The Coaches Can Control:  The Puck Possession Game  Since there isn't a time of possession stat or area of possession chart, Fenwick (shots on goal + missed shots) and Corsi (Fenwick + blocked shots) are the closest approximations.  They represent a plus/minus for shooting attempts when on the ice.  Generally, it's desirable to have more positive values at 5-on-5 hockey since it suggests that they are doing more with the puck and keeping it in the opposition's end more than the other. 

However, it's not an be-all, end-all stat.  The Devils have had games this season where some players would have some great Fenwick or Corsi values, but it's all for naught since the team lost.   That's the result of score effects. Teams that are losing are going to be more aggressive to try and come back from a deficit; whereas a leading team will not.  So how have the Devils done when the game is close would be more useful to know.  Not good. The Devils' Corsi percentage is 48.8% in close games according to JLikens of Objective NHL.   In other words, the opposition has taken more shooting attempts when the game is close than New Jersey. 

The coaches do have some control over this. How they line up the players definitely has an effect of how possession game goes.  It's all about figuring who's skill set works best with who along with what they can do on the ice.  Way back in May, I showed that Ilya Kovalchuk was not a great puck possession player based on adjusted Corsi. This is not news.  He either needed to play against weaker competition and/or play with players who are good puck possession players. Given that he has been defended tightly, then his linemates need to be encouraged to shoot more.   Yet, MacLean keeps moving Kovalchuk around and with little adjustment for who he is with. According to today's practice report from Tom Gulitti, he was lined up with Alexander Vasyunov (a rookie so he's unknown goods still) and Dainius Zubrus (who has a high Corsi still after the Parise injury).  I guess we'll see this for a couple games.  If (or when) this doesn't lead to the desired results, there will be more changes.  Since this seems to be the case, why should I complain that Kovalchuk's not a fit on this team because the coaches keep moving him without seemingly thinking the whole matter through?  Why is this not seen as a failure by the coach?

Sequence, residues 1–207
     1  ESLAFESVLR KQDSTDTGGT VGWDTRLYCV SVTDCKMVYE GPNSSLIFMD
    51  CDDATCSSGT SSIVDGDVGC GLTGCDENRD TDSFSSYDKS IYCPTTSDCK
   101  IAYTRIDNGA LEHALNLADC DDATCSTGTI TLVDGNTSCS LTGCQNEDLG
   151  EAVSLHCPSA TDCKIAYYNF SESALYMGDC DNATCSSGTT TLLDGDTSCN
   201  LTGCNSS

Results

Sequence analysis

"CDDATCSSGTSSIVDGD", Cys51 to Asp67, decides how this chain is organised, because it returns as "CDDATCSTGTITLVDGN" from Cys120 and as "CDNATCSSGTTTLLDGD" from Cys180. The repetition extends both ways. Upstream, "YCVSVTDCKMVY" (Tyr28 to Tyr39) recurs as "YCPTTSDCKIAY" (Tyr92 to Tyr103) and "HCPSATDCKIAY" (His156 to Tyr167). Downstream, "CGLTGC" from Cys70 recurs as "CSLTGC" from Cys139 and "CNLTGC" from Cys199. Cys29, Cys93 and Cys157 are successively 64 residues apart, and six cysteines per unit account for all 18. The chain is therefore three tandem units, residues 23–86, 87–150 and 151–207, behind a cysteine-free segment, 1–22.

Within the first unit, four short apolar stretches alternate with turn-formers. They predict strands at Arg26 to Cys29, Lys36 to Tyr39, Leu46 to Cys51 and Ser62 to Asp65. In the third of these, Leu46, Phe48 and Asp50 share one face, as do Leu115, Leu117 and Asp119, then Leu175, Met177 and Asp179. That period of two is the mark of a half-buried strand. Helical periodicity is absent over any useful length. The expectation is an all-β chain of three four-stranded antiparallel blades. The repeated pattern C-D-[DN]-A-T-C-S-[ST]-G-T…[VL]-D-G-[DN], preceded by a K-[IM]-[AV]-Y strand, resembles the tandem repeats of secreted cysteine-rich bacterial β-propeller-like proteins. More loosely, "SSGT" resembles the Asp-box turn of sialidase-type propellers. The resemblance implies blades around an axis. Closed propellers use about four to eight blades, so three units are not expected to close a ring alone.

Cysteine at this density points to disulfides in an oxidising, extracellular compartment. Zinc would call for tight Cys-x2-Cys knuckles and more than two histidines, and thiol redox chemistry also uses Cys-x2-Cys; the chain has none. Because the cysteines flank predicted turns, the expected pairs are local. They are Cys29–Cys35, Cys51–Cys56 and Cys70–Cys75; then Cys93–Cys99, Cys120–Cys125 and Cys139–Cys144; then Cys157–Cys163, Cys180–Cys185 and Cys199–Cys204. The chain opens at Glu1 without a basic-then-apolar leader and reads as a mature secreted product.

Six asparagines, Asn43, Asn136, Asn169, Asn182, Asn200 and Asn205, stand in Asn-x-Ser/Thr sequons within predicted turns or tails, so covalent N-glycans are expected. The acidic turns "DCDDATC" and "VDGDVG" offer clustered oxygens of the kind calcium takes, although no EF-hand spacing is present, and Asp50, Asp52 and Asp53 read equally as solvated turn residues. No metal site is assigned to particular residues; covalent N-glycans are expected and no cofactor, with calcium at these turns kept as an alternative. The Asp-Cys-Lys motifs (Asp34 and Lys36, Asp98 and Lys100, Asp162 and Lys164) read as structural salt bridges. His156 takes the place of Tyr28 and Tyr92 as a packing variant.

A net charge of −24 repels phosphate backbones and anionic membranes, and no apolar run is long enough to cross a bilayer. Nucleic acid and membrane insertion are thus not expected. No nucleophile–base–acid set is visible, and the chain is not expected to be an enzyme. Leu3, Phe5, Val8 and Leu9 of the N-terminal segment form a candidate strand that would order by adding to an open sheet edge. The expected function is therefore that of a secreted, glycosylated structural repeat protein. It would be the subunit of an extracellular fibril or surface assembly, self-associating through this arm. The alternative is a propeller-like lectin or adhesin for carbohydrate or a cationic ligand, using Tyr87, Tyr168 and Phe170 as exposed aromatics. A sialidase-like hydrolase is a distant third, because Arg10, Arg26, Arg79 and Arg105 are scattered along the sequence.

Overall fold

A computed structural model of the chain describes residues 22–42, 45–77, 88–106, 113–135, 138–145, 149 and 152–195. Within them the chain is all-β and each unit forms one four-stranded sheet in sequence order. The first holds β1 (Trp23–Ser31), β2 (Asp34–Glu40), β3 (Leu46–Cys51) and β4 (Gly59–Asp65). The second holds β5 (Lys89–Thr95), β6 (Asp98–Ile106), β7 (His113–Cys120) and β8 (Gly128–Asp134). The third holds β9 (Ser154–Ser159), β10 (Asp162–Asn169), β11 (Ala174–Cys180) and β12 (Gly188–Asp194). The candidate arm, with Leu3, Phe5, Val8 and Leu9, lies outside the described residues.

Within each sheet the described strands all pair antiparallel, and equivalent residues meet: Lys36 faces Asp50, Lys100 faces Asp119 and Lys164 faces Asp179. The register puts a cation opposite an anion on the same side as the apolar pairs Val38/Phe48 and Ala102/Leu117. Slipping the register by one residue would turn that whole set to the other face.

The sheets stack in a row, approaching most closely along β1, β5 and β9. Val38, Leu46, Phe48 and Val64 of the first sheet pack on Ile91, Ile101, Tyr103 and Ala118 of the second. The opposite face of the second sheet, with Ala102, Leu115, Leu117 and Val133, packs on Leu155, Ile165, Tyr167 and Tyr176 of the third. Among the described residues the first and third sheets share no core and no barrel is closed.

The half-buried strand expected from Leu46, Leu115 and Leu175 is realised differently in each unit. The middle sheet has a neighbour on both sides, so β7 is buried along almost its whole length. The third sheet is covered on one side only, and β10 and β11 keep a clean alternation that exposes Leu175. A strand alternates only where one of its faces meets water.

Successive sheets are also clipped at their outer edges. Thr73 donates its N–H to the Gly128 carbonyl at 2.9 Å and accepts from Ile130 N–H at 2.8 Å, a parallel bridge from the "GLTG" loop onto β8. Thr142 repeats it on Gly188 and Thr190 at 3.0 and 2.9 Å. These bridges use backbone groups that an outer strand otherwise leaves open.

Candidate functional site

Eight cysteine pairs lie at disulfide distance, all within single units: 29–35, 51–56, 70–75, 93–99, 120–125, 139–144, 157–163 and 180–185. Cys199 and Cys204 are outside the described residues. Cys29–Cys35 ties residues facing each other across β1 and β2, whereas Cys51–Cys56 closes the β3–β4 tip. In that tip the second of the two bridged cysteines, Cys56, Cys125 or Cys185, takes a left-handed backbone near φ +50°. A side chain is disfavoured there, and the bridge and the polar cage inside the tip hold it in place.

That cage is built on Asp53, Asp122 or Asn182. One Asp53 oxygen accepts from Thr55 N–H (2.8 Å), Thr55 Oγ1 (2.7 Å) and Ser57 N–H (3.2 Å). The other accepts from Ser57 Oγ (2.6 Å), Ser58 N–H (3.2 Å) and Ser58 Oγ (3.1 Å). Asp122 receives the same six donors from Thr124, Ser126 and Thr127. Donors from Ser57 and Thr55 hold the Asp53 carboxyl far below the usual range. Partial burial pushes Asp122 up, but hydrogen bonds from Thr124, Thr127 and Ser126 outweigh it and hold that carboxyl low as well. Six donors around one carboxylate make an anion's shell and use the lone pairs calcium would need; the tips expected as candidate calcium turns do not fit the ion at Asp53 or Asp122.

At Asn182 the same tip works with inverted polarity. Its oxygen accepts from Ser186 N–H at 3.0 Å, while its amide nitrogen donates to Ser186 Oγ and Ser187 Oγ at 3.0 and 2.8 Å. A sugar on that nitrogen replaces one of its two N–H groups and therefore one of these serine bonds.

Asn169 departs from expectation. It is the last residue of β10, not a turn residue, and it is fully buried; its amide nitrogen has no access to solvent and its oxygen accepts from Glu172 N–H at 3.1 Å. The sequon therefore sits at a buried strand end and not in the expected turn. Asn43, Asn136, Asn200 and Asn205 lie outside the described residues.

And if the Devils are doing that with Kovalchuk, you can be sure others are effected as well.  It's saddening that after training camp, preseason, and 18 games in the regular season and I'm not getting the sense that the coaches know what they have here. Sure, Jacques Lemaire changed up the forwards a lot too, but most of those changes made some sense - if they didn't, they'd be changed - and the team still managed to get results.

The coaches' tactics also play a large role in how the Devils possess the puck.   They've struggled at times with opposition forechecking yet they do not adjust by dropping a player back to give the breakout man a safety valve.  There's no consistent forecheck of their own - sometimes they'll rush one, sometimes two, and sometimes none at all.  The team tends to dump and chase regardless of how the opposition handles it, so there's that.  Overall, though any complaints about a lack of a consistent system are totally valid.  This undercuts the Devils' possession game, it reduces opportunities to shoot, and it dulls the attack while putting more pressure on the defense.